Conservationists oppose snow leopard hunt for 'science'

Jeremy Hance
mongabay.com
March 23, 2011



Update:Mongolia has announced it will cancel the hunt of 4 snow leopards for scientific research following an outcry from conservationists.

Well-known biologist and Vice President of the big cat conservation organization, Panthera, George Schaller said: "Mongolia’s decision to rescind snow leopard hunting permits is the right one for the species and the country. Minister Gansukh can legitimately and proudly claim that Mongolia remains steadfast and committed to conservation efforts for snow leopards in Asia, and for that, we congratulate them."


 Mother snow leopard and cub recently caught on camera trap in the Southern Gobi of Mongolia. Research there is providing new information about the private lives of the world's most elusive big cat. Photo © Panthera/Snow Leopard Trust.
Mother snow leopard and cub recently caught on camera trap in the Southern Gobi of Mongolia. Research there is providing new information about the private lives of the world's most elusive big cat. Photo © Panthera/Snow Leopard Trust.



Conservationists have come out in opposition against a plan by the Mongolian government to issue four permits to kill snow leopards (Panthera uncia ) for 'scientific research'. The permits were awarded to foreign nationals last month. Snow leopards are listed as Endangered by the IUCN Red List with their population declining.

"If the planned hunting of snow leopards is allowed to go forward, Mongolia's creditability as a leader in conservation of [snow leopards] and other rare species will be severely tarnished," reads a letter from Tom McCarthy, Executive Director of Panthera's Snow Leopard Program and George Schaller, Vice President of Panthera, to Mongolia's Minister of Nature, Environment, and Tourism.

Prior to this Mongolia has been seen as ahead-of-the-curve on snow leopard conservation. In fact, the South Gobi is home to the world's first long-term comprehensive study on the elusive cat conducted by Panthera and the Snow Leopard Trust.

 Close-up detail of snow leopard cub from the Southern Gobi of Mongolia. Photo © Panthera/Snow Leopard Trust.
More camera trap shots of mother snow leopard and cub from the Southern Gobi of Mongolia. Cub in the left hand corner. Photo © Panthera/Snow Leopard Trust.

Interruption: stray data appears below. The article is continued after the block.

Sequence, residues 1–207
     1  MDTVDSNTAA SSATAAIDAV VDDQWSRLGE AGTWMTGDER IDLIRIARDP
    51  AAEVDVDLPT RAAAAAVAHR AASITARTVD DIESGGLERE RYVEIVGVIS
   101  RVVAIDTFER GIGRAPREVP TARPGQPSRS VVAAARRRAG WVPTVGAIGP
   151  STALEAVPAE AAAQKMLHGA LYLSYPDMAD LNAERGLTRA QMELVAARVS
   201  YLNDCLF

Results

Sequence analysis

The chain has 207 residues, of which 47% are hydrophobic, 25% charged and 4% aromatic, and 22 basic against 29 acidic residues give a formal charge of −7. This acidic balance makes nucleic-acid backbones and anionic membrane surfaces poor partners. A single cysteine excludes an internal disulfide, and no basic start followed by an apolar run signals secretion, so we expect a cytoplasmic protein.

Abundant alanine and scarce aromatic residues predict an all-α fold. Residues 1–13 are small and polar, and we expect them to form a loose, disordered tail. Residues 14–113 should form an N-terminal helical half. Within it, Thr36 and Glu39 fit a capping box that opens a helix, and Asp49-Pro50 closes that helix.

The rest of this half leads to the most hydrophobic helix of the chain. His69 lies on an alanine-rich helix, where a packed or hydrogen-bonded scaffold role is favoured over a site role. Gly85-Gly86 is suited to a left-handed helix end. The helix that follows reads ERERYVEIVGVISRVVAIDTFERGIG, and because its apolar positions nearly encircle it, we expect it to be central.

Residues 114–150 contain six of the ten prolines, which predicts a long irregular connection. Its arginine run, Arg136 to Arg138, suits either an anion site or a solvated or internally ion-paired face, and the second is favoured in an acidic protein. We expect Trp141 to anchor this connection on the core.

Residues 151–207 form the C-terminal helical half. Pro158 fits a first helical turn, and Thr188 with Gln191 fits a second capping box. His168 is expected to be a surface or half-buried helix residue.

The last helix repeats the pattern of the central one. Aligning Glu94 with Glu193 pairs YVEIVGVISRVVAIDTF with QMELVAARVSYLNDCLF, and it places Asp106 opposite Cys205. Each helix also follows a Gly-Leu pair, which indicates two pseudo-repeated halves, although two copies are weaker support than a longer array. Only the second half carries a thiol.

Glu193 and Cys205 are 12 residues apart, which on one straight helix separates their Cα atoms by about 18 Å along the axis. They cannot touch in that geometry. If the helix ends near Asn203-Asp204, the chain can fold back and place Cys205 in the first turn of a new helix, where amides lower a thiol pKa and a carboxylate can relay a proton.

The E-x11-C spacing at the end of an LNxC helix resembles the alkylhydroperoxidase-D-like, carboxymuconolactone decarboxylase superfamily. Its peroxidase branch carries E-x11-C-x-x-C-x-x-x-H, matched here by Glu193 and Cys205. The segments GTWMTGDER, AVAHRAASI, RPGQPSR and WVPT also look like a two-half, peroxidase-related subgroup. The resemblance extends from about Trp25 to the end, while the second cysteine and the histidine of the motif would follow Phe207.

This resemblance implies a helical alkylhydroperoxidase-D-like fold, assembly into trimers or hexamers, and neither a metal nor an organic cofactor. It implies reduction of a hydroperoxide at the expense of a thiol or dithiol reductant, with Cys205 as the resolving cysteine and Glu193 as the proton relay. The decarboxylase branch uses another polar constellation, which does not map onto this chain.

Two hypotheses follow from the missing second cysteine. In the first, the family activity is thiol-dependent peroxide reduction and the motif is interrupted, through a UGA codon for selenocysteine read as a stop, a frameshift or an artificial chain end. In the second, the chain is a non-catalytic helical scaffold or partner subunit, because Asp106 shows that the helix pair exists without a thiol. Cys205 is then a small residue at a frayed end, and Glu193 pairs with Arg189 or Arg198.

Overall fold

"We are of the opinion that no valid justification exists for killing snow leopards in the name of science. Every conceivable information need can now be obtained by non-lethal means thanks to advancements in research techniques such as genetics, camera traps, GPS-satellite collars, and other tools, all of which are being used in Mongolia," McCarthy and Schaller write.

In addition to four snow leopards, the Mongolia government will allow foreign hunters to kill two brown bears, forty grey wolves, 335 various hoofed animals, and up to 400 birds this year, according to the UB Post.

According to surveys over the last few years around 1,200 snow leopards survive in the Mongolia. Globally, between 4,000-6,500 survive in the wild. The major threats against the species differ between regions but are largely made up of poaching for skins or bones, killing due to wildlife-human conflict, and dwindling prey populations.

Panthera, which aims to protect the world's wild cats with special emphasis on tigers, lions, jaguars, and snow leopards, has started a petition against the approval of killing snow leopards for research in Mongolia.




Produced by Panthera and Snow Leopard Trust. Posted with their permission. This video was taken in August 2010 at the Tost Mountain study area in South Gobi, Mongolia where Panthera and the Snow Leopard Trust are collaborating on the first ever long-term study of snow leopards. This film clip is actually 61 images taken about a half second apart by one of our remote automated cameras. We believe it is a mother and her nearly grown cubs.



 Wild snow leopard. Photo © Steve Winter/National Geographic.
More camera trap shots of mother snow leopard and cub from the Southern Gobi of Mongolia. Photo © Panthera/Snow Leopard Trust. .



 Wild snow leopard. Photo © Steve Winter/National Geographic.
Wild snow leopard. Photo © Steve Winter/National Geographic.



 Wild snow leopard. Photo © Steve Winter/National Geographic.
Wild snow leopard. Photo © Steve Winter/National Geographic.



 Wild snow leopard. Photo © Steve Winter/National Geographic.
Wild snow leopard. Photo © Steve Winter/National Geographic.















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CITATION:
Jeremy Hance
mongabay.com (March 23, 2011).

Conservationists oppose snow leopard hunt for 'science' .

http://news.mongabay.com/2011/0323-hance_snowleopard_hunt.html